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    Author(s): Herbert W. Schroeder
    Date: 2011
    Source: In: Trees, people and the built environment. Proceedings of the Urban Trees Research Conference; 2011 April 13-14; Edgbaston, Birmingham, UK. Institute of Chartered Foresters: 159-165.
    Publication Series: Paper (invited, offered, keynote)
    Station: Northern Research Station
    PDF: View PDF  (143.54 KB)

    Description

    A major focus of early research on the social aspects of urban forestry was on how people perceive and value the beauty of trees in cities and towns. Since then, researchers have found that besides aesthetic enjoyment, the presence of urban forest vegetation may provide additional benefits such as stress relief, recovery from mental fatigue, stronger social ties, improved health and longevity, and reduced crime. Research has also documented that the urban forest can generate economic returns in the form of higher property values, increased retail activity, and reduced costs of heating and cooling, as well as environmental benefits like improved air quality. In their enthusiasm for these research findings on utilitarian tree benefits, some urban forest advocates have tended to disparage and belittle the aesthetic values of urban trees, suggesting that the beauty of urban trees is of trivial significance compared to their environmental, social, economic, and health benefits. But there is ample research evidence to show that beauty still matters as a reason for planting trees. Aesthetic values and utilitarian values of urban trees are both important, and they are interrelated. In fact, many of the utilitarian benefits of trees are a direct consequence of their beauty. Therefore, future research on urban forest values needs to give equal attention to both kinds of value. Rather than promote one at the expense of the other, urban forest advocates should highlight how these two kinds of value reinforce and support each other in enhancing the quality of urban life.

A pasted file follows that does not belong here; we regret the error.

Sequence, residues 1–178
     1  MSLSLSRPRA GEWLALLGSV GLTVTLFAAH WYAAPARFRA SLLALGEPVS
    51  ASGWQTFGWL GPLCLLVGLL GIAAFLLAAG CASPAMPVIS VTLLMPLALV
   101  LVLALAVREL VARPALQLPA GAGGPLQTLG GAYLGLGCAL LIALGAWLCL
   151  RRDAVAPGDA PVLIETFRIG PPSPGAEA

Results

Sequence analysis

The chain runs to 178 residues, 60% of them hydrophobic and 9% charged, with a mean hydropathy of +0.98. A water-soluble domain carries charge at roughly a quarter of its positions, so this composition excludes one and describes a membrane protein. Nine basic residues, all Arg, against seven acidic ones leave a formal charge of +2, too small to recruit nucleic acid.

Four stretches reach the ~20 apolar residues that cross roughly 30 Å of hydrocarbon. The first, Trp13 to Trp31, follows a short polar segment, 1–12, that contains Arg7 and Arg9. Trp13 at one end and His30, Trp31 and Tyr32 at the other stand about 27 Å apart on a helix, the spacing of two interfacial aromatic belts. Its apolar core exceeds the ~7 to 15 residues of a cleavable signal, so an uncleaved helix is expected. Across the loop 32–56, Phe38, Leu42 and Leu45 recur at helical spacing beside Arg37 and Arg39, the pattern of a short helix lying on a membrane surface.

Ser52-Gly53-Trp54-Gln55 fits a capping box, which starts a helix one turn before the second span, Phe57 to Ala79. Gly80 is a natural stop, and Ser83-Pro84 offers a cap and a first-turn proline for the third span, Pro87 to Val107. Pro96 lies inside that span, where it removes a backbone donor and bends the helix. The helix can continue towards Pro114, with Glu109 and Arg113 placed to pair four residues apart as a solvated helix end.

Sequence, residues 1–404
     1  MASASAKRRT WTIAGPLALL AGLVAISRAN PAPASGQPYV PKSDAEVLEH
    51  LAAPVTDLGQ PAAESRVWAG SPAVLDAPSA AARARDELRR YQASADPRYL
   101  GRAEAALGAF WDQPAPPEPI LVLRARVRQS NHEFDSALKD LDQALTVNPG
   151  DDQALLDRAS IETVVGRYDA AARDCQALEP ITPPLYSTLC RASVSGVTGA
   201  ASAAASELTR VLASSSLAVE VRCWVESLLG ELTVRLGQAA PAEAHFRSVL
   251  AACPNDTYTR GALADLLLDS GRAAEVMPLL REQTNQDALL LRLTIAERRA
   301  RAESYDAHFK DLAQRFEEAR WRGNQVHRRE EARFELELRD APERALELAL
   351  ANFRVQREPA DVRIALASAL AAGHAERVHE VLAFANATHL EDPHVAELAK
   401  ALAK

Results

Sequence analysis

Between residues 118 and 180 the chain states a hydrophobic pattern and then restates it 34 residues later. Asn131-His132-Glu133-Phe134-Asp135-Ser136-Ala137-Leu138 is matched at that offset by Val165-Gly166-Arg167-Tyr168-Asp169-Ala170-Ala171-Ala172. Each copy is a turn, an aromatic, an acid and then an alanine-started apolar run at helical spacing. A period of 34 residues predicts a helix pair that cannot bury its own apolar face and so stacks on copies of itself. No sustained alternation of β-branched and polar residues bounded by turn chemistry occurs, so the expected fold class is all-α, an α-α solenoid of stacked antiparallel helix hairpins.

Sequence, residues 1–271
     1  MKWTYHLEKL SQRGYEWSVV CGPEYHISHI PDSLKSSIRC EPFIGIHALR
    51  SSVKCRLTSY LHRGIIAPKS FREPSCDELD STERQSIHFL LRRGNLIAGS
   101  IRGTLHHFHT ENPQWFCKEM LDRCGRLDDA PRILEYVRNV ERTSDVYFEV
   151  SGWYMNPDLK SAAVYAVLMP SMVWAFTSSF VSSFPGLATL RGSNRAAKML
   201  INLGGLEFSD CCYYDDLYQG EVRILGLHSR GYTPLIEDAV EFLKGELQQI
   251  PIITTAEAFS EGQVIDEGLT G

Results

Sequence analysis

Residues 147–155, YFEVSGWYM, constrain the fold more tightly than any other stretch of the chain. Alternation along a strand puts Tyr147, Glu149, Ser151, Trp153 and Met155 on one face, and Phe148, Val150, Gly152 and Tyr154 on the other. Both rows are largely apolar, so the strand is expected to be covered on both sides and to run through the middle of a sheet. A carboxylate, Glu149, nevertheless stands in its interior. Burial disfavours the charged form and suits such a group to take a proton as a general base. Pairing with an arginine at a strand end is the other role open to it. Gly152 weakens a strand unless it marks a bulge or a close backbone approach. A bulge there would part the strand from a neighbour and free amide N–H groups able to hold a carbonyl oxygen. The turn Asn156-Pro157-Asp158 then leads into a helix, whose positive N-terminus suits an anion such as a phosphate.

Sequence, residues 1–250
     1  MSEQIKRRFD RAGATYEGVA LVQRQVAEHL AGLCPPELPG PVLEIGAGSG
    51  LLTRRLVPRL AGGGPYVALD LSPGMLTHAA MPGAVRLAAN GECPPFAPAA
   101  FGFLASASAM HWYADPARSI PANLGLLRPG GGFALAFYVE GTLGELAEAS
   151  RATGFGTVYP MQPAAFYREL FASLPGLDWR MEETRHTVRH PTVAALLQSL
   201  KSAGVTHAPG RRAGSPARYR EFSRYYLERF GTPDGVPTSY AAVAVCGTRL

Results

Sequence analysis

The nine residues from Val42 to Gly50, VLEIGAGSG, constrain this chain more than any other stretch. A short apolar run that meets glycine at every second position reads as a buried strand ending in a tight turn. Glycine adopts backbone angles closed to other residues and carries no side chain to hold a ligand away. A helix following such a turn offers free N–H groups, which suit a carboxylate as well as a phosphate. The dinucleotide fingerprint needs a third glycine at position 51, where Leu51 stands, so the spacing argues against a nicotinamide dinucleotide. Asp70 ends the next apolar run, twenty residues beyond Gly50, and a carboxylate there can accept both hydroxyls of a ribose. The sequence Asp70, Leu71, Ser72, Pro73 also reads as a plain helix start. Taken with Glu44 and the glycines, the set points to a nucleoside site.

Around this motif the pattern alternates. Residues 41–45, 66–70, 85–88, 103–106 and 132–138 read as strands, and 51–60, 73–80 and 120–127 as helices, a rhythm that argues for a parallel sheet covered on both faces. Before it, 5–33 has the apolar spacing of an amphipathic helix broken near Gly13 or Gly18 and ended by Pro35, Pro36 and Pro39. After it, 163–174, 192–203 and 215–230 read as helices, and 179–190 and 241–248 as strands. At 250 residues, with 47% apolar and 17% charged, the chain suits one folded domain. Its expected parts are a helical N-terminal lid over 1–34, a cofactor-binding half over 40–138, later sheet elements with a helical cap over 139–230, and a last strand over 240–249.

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    Citation

    Schroeder, Herbert W. 2011. Does beauty still matter? Experiential and utilitarian values of urban trees. In: Trees, people and the built environment. Proceedings of the Urban Trees Research Conference; 2011 April 13-14; Edgbaston, Birmingham, UK. Institute of Chartered Foresters: 159-165.

    Keywords

    aesthetics, benefits, social values, urban forestry

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